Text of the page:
In 2013 the Mexican government passed historic reforms that eliminated the state’s monopoly on the energy sector in an effort to attract private investment. In the electricity sector, reform was sold on the promise of reducing prices: Electricity tariffs for industry are 80% higher in Mexico than in the U.S. due to high oil prices, aging plants, and elevated losses. The Federal Electricity Commission (CFE), the sole distributor of electricity in Mexico, operates at a loss, recovering roughly 80% of its costs through tariffs.
In addition to amendments to the constitution that ended the monopoly, the government has passed sector-specific legislation, such as the Law of the Electricity Industry. Regulations for this law are being debated in Congress, and the Market Rules, which will fill in the details that matter most to private investors, are still in the works.
The reforms so far create a wholesale market for electricity operated by an independent entity, where independent power producers (IPPs) can participate freely. Large customers, with a demand greater than 3 MW, are also allowed to contract their electricity supply directly from generators. Together, these changes aim to create a competitive market for generation where all producers, private and public, compete for long-term contracts with large customers and for spot sales in the wholesale market. (For a discussion of what Mexico can learn from the experience with competitive electricity markets in other countries, see “Mexico’s Electricity Sector Reform in Perspective,” associated with this issue in the archives at powermag.com.)
IPPs that have been selling their electricity to CFE account for 75% of currently installed combined cycle capacity, all built within the last 10 years. They, and new IPPs, should easily displace CFE in a competition for large customers. The prospects for this scenario becoming reality hinge on two conditions being met.
The Players and the Field
The first requirement is creating a level playing field between existing IPPs and CFE and between them and new generators. IPPs currently sell all of their energy to CFE under 25-year contracts. The law says that the new CFE will inherit these contracts, which would continue at least until 2025, as IPPs were incorporated into the electricity sector beginning in 2000. As long as these contracts remain in place, any new capacity would exist at the margins of a system that looks very much like the current one. If existing contracts with IPPs are revoked, then existing and new IPPs will be able to participate in the market and compete for large customers. Private generators, however, will still have to interact with CFE to reach their customers, because CFE continues to own the transmission and distribution systems through which all users must operate.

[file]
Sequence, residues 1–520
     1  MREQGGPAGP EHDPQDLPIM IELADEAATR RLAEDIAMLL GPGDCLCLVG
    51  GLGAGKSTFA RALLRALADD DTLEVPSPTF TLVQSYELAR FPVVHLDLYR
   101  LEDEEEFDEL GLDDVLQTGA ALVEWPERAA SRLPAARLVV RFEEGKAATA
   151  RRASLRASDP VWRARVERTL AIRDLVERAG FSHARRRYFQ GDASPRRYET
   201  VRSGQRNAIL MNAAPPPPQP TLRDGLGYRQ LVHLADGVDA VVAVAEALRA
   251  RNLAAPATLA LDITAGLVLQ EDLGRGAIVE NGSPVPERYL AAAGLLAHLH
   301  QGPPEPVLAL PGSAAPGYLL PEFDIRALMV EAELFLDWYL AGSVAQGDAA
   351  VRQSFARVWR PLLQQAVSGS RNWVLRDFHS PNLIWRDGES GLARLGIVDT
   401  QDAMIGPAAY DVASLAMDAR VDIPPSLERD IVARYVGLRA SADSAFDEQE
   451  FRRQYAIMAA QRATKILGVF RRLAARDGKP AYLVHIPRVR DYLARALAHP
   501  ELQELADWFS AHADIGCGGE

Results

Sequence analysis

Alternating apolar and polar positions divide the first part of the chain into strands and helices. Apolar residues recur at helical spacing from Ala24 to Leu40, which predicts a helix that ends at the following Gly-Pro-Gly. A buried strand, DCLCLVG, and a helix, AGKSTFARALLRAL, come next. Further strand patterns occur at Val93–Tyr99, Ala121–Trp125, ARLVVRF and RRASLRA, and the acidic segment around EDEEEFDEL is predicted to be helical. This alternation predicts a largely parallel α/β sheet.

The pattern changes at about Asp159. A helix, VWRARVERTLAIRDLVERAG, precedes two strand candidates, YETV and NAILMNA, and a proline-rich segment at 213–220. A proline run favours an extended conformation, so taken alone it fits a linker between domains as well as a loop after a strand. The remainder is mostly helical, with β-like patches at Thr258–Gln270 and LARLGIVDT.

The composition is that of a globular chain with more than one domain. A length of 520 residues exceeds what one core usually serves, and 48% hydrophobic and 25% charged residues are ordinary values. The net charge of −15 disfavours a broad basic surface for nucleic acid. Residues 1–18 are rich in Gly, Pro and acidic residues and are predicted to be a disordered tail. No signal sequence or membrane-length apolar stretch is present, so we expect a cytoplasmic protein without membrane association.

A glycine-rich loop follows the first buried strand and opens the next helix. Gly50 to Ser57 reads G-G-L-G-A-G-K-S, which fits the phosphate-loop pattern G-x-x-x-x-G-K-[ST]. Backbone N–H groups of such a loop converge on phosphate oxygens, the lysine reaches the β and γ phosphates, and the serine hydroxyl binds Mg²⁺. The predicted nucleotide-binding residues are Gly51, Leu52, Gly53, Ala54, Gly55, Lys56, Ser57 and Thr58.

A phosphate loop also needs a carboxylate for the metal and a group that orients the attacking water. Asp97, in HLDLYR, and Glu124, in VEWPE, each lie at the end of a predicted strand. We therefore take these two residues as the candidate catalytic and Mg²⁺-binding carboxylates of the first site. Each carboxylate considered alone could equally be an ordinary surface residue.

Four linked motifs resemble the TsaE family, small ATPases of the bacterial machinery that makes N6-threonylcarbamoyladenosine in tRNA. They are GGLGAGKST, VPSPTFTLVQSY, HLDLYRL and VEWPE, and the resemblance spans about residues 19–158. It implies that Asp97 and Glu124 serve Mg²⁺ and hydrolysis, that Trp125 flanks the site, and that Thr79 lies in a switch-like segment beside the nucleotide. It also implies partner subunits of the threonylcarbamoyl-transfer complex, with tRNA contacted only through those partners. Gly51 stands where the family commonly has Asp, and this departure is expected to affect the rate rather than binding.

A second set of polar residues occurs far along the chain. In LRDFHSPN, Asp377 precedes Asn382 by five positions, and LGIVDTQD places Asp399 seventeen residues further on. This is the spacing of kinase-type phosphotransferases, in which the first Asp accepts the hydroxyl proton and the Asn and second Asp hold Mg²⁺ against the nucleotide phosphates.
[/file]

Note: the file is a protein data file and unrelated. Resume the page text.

In order for all generators to compete on equal footing, regulatory authorities will need to guarantee adequate access to transmission and distribution systems. This includes a pricing mechanism that does not discriminate against any generator or large user, while taking into account the investment needed to address existing transmission bottlenecks and accommodate new generation. This is particularly important for new generators wishing to enter the market to take advantage of the difference between their production costs and system prices. With two-thirds of installed capacity, including the least efficient oil-fired units, CFE will set the marginal cost of the system. High spot prices should signal investment from new firms and prompt existing IPPs to add new capacity to their plants; any barriers to new firms, such as permitting and transmission pricing, will create an advantage for incumbent generators, who benefit from keeping spot prices high and competition out.
Also, in order for the market to send the right signals to new investors, CFE’s prices would need to become more transparent. Dispatch in a competitive electricity market is based on declared costs, which are difficult to ascertain as long as CFE continues to operate a vast array of generating plants as one commercial unit. Subsidies, if not clearly separated from the rest of CFE’s operations, also put CFE in a position to undercut the competition for long-term contracts with large users.
The second condition for the successful entry of new IPP generation into the Mexican electricity market is the availability of natural gas. Most recent capacity additions have been combined cycle plants fueled by cheap natural gas imported from the U.S. Pipelines are currently operating at full capacity, and electricity generation has been competing with industry for natural gas supply, forcing industry to resort to expensive imports of liquefied natural gas. A new pipeline from Agua Dulce, Texas, is expected to come online by the end of 2014, and applications for additional pipelines are aiming to more than double the previous volume of imports (about 1.8 billion cubic feet per day in 2013). The timing of these additions will determine the pace of new generation coming online.
Whether Mexico offers attractive opportunities for private investment in electricity will be determined by the Market Rules due to become public in 2015. These rules should focus on adequately addressing CFE’s market position such that new generation can be built on the basis of long-term contracts with large consumers at competitive rates. ■
— Sylvia Gaylord, PhD is an assistant professor at the Colorado School of Mines and an energy consultant. In order for the market to send the right signals to new investors, CFE’s prices would need to become more transparent.